Northumberland’s coast is strung with wide sandy beaches and windswept dunes, all of them pristine and most of them largely empty. Many are also backed by towering castles – so many, in fact, that there’s a signposted driving route guiding you from one to the next. Bamburgh is perhaps the best known and is one of the largest inhabited (and also reputedly one of the most haunted!) castles in England, but my favourite was Dunstanburgh. Its crumbling towers occupy a lonely, wave-lashed crag that’s only accessible via a 1.5-mile path from the village of Craster, and you’re likely to have them to yourself. It’s a melancholy yet unforgettably beautiful spot, with the ghostly cries of seagulls only adding to the atmosphere.
The Holy Island of Lindisfarne, to give it its full name, lies a few miles off the coast and is shrouded in drama and mystery. The site of a monastery founded by Irish monks in 635 AD, it was used as a base for converting northern England to Christianity and later went on to witness Viking raids, shipwrecks and a short-lived Jacobite uprising. Even the drive there feels like an adventure, as it’s reached via a causeway that gets cut off twice a day by the sea (make sure you check the tide timetable before you cross!).
The island may be tiny, but there’s plenty to see and do: a ruined priory, a coffee roaster, several pubs and paths that take you along the shoreline, past fishing boats, old lime kilns and, if you’re lucky, seals basking on the rocks. The castle is particularly dramatic. Perched on an outcrop, it was built in the 16th century and served as a military fort before being remodelled as a holiday home for Country Life editor Edward Hudson by famous architect Edwin Lutyens in the 1900s. It’s imposing and rather eerie, with rooms dressed as they would have been at various points during its history and spectacular views over the mudflats to the silhouette of Bamburgh looming on the horizon. My favourite part of Lindisfarne, though, was one that’s easy to miss: a tiny walled garden standing alone on a coastal plain, with beds of colourful flowers and scented herbs. It was originally a vegetable patch for the castle’s soldiers but was transformed by Arts & Crafts garden designer and friend of Lutyens Gertrude Jekyll. Now tended by the National Trust, it’s a peaceful and sheltered sanctuary where we happily lingered for a while.
Hareshaw Linn waterfall
Of all the walks we did during our trip, one of the prettiest and most enjoyable took us through dappled woodland to the cascading Hareshaw Linn waterfall. Start at the Northumberland National Park car park in the village of Bellingham and follow the signposted trail, criss-crossing the river via a series of wooden bridges and passing several smaller falls before you reach the main one. Surrounded by overhanging rocks, moss-covered boulders, ferns and tendrils of ivy, it has an enchanting lost-world feel about it and makes a wonderful spot to rest with a flask of coffee before heading back the way you came. The route there and back is about 3 miles in total and not particularly arduous, although watch out for a few slippery stone steps and uneven sections.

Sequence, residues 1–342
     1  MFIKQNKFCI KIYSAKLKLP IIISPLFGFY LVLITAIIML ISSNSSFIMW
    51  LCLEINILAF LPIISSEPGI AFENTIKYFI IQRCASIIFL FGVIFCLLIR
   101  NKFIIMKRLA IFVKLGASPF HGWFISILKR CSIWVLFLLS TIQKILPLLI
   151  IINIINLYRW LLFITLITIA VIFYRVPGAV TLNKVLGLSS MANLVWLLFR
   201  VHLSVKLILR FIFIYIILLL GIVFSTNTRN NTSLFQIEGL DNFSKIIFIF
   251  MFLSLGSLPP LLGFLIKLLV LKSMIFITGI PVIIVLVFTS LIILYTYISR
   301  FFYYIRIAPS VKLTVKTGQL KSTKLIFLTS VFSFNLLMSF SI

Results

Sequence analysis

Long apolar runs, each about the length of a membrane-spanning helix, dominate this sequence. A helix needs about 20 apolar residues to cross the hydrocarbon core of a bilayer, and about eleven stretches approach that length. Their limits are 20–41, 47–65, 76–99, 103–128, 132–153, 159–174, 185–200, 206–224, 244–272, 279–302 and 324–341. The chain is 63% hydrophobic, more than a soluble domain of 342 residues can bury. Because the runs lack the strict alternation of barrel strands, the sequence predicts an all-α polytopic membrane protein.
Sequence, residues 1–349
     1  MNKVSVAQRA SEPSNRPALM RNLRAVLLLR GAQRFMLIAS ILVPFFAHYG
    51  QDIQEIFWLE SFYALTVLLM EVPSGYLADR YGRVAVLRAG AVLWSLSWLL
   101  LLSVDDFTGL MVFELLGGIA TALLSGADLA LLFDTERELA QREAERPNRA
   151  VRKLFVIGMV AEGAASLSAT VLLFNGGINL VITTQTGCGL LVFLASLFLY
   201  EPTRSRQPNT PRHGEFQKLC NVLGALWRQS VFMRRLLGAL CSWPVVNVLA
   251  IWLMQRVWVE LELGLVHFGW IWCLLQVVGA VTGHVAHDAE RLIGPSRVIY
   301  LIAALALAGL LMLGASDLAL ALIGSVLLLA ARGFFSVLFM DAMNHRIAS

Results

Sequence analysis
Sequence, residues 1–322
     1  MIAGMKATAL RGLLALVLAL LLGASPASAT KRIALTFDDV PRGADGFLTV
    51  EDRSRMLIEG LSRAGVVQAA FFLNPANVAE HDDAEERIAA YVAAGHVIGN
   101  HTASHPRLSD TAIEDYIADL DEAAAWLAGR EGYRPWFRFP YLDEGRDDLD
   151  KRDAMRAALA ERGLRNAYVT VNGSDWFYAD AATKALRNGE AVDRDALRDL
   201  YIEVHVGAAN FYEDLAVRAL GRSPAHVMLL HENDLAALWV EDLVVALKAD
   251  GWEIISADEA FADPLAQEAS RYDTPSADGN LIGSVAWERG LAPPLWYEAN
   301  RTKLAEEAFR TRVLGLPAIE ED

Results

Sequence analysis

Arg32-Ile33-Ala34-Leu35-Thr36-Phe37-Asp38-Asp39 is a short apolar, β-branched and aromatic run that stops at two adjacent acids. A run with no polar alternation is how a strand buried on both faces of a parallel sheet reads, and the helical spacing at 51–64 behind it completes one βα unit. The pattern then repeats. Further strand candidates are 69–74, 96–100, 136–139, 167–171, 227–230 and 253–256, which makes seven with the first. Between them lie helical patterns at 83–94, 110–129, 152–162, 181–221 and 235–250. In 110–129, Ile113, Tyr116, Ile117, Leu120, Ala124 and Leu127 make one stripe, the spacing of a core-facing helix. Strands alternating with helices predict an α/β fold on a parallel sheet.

Kielder Water & Forest
In the northwestern corner of Northumberland, almost on the border with Scotland, lies Kielder – England’s biggest forest, with the largest man-made lake in Northern Europe at its heart. It’s a fantastic place for outdoor adventures, with mile upon mile of walking and cycling trails as well as paddle-boarding, canoeing, sailing and horse-riding. We stopped at the main visitor centre for a gentle wander along the shore, before driving through the vast swathe of spruce, pine and fir trees to Kielder Castle at the far tip of the reservoir. It almost felt as if we were in some Nordic wilderness rather than the UK, and along the way we spotted red squirrels scuttling along branches and birds of prey soaring overhead.
The lack of light pollution makes Northumberland an unbeatable place to stargaze – in fact it’s home to the largest designated ‘Dark Sky Park’ in the UK, and the Northern Lights even put in an appearance every now and then. There are observatories at Kielder and Battlesteads, plus several freely accessible ‘Dark Sky Discovery Sites’, but we headed to the Twice Brewed Inn, just up the road from our B&B, for one of its regular guided stargazing events. It was a little disorganised, but host Will’s enthusiasm was infectious and we learned a lot. We also had fun playing around with the on-site telescopes, and some of the things we saw – Saturn’s rings, Jupiter’s moons, multiple shooting stars, and the Milky Way in such clarity that the sky looked as if it was streaked with shimmering dust – were nothing short of awe-inspiring.
Even if you don’t join an organised event, make sure you take the time to wander outside on a clear night and look up – you won’t be disappointed. And yes, I know the below photo shows the moon rather than stars, but Northumberland also turned out to be an excellent location for lunar photography, which has become a bit of personal creative project of mine over the last few months.
Find out more about visiting Northumberland here.
All photography by Abi Dare